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October 1, 2013
Is it a mountain, or is it a mole hill?
In a season where the offense is putting up yards at a school-record pace and running back Mike Davis is the SEC's leading rusher, the concerns people had about the offense - how would splitting carries work, who would replace Ace Sanders - have largely evaporated.
Instead, the defense has been the subject of scrutiny, largely centered on the reality of Jadeveon Clowney's play (12 tackles in four games, and two sacks) versus the expectations he, fans and ESPN fueled every day during an off-season in which The Hit seemed on near-constant replay.
What began with an excusable hot Thursday against North Carolina became a perplexing physical whipping at Georgia by a team that rival Clemson had run roughshod over the week before. Then, after seeming to correct its issues and play like the defense most everyone thought the Gamecocks would field, back-to-back games in which late miscues allow an inferior opponent to rally have again raised questions about oung linebackers getting exposed in pass coverage, inconsistent secondary play, poor tackling, missed assignments and, oh yeah, a bafflingly underwhelming defensive line that can't seem to generate the kind of disruptive pressure it has made its signature for three-plus seasons.
So, is it a mountain, or is it a mole hill?
In different year, with a different schedule and a different offense to lean on, it's a mountain.
This year, with this schedule and this offense, it's a mole hill.
By the time the Clemson game rolls around, many of the mistakes so glaring now - personnel issues, inexperience, communication - will have worked themselves out. There's no reason to believe South Carolina won't be better defensively Nov. 30 than they were Sept. 30. Couple that with it being a home game with mega national interest, and I don't worry that the players in any way will be unfocused or inattentive.
Can an Arkansas or Tennessee - or, shoot, Coastal Carolina, which amassed 652 yards of offense last Saturday at Elon - generate enough heat offensively to challenge an outcome? Probably not, especially with a South Carolina offense that's moving the ball better than at any time in Steve Spurrier's tenure.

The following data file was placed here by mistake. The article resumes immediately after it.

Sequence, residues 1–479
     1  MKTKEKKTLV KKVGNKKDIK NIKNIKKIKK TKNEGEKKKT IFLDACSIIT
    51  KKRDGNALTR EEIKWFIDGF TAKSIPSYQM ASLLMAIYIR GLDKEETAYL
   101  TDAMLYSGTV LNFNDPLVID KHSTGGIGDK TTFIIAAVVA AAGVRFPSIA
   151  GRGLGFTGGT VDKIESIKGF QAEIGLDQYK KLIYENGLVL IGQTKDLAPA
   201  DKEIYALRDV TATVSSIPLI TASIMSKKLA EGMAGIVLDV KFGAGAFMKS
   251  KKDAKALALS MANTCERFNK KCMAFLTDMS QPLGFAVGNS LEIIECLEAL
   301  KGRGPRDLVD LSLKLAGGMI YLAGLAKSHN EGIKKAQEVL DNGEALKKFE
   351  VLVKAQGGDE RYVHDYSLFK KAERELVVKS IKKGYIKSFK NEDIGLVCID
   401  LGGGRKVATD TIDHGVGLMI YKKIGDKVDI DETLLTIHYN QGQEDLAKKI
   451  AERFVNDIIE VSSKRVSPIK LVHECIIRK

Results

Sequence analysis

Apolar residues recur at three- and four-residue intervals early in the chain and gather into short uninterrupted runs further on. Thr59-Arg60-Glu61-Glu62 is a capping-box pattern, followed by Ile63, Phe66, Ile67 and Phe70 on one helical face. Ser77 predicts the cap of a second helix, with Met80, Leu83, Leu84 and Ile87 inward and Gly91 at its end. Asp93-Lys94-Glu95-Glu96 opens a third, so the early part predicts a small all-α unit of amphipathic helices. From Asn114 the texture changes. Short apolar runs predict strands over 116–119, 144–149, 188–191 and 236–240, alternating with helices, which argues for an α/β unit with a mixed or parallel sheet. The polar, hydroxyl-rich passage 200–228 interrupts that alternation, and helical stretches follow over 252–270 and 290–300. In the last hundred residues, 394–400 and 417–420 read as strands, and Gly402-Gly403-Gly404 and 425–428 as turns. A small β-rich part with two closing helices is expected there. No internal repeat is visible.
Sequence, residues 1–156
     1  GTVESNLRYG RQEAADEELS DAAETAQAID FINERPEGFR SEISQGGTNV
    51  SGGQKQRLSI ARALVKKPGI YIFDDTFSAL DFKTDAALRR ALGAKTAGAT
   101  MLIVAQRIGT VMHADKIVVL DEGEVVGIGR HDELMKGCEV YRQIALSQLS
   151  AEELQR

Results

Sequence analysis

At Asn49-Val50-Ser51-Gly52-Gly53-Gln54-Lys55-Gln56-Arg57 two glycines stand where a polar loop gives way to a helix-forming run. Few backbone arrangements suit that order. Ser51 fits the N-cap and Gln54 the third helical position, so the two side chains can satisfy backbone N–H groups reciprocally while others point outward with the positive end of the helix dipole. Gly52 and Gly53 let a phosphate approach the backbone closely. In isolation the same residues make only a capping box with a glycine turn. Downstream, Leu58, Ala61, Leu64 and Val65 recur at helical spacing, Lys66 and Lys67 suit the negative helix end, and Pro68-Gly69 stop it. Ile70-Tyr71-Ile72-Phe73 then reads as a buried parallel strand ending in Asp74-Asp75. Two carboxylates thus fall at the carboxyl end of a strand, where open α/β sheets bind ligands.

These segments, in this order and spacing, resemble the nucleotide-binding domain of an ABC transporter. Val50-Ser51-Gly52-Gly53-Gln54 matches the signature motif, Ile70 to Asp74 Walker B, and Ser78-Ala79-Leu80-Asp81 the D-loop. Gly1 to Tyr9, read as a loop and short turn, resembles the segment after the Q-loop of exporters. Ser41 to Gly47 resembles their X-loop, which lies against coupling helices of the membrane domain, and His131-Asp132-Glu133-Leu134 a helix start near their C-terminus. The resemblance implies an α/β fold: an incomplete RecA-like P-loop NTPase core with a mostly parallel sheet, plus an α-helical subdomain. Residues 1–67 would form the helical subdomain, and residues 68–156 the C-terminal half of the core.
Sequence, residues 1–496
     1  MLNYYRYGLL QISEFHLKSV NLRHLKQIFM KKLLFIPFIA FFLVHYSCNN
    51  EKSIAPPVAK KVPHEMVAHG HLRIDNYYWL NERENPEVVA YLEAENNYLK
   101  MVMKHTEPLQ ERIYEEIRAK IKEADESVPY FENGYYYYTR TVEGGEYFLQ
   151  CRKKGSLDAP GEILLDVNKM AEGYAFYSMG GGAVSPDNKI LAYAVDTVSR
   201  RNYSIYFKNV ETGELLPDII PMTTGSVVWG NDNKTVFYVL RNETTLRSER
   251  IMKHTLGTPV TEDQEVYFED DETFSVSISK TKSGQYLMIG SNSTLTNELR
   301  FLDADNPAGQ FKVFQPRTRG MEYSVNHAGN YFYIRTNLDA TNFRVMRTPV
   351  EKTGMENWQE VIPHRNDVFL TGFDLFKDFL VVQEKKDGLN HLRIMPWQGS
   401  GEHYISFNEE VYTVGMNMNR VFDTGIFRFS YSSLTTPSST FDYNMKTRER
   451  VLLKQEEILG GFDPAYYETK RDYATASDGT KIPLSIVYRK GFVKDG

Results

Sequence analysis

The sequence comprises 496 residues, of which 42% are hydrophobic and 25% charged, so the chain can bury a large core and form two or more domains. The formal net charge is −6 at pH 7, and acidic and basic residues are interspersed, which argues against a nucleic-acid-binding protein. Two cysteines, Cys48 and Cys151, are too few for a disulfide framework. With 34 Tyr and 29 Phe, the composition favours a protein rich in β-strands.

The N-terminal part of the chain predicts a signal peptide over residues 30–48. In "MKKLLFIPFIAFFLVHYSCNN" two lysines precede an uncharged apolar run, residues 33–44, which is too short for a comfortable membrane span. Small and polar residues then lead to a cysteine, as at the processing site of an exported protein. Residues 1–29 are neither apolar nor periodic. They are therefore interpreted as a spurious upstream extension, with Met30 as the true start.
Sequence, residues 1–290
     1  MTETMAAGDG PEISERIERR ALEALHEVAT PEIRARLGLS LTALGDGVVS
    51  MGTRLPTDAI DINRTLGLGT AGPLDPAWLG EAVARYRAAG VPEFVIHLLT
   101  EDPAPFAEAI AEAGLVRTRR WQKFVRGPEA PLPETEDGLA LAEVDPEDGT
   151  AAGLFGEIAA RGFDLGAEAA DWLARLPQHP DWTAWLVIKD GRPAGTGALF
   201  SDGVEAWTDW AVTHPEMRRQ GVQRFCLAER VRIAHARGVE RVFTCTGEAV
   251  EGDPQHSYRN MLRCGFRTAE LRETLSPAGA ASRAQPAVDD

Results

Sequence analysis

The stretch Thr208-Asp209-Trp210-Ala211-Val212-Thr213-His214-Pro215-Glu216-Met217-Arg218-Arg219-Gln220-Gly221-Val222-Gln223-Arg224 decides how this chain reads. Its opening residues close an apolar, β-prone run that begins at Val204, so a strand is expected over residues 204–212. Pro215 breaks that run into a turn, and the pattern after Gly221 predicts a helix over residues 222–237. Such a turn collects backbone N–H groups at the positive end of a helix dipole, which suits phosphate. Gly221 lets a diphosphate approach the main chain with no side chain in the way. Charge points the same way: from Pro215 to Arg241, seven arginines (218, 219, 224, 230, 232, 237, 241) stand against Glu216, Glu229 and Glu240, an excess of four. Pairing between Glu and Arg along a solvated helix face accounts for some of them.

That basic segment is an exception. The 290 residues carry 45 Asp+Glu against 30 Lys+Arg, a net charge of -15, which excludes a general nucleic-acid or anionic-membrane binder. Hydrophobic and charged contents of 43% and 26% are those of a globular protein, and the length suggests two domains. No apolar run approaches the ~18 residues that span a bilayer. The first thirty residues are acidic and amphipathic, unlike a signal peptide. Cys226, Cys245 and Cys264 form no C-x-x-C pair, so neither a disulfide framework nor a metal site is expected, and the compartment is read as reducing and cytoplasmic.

If there's a concern on offense, it is that despite the yards, the Gamecocks aren't lighting up the scoreboard. USC is averaging just 30 points a game, goof for ninth in the SEC and No. 68 nationally. The defense, on the other hand, is giving up 25.3 points, 11th in the SEC and No. 64 nationally.
Neither are exceptional numbers, and taken by themselves they tell the story of this season. The Gamecocks have left points on the field this season in droves - 15 at Georgia (UGA's goal-line stand, a missed PAT and Connor Shaw's fumble on a promising drive), probably 14 in Orlando. Until Saturday, the Gamecocks had yet to score more than seven points in a second half.
Part of that is Spurrier. In the previous few years of success the formula has been score enough to win, usually around 28 or 35, and let the defense sit on the opponent. That formula this season is a recipe for danger, which is has found itself in in back-to-back weeks. Until Spurrier can trust his defense, he probably should worry a bit less about suggesting new defenses for Lorenzo Ward and a bit more on making whatever the defense does a moot point by keeping the foot on the gas all game long and not bumbling to scoreless first halves and nearly scoreless second halves that put fans (and, maybe, the defense) to sleep.
At the end of the day, however, we're talking about a No. 13 team with nearly everything still on the table - at least mathematically. So it's important, then, to remember that teams play to get a win and nothing else, and even when it's done in a fashion less impressive than one may like, the job was done, the result achieved, the victory secured.
There's a lot of football to be played between now and the end of November, and I'll wager we'll see a different Clowney, Kelcy Quarles and Chaz Sutton from here on out, if for no other reason that the level of competition. Can they falter? Sure. Will they? Probably not.
Until they do we're comparing mole hills, and there's no reason - yet - to make them into mountains.
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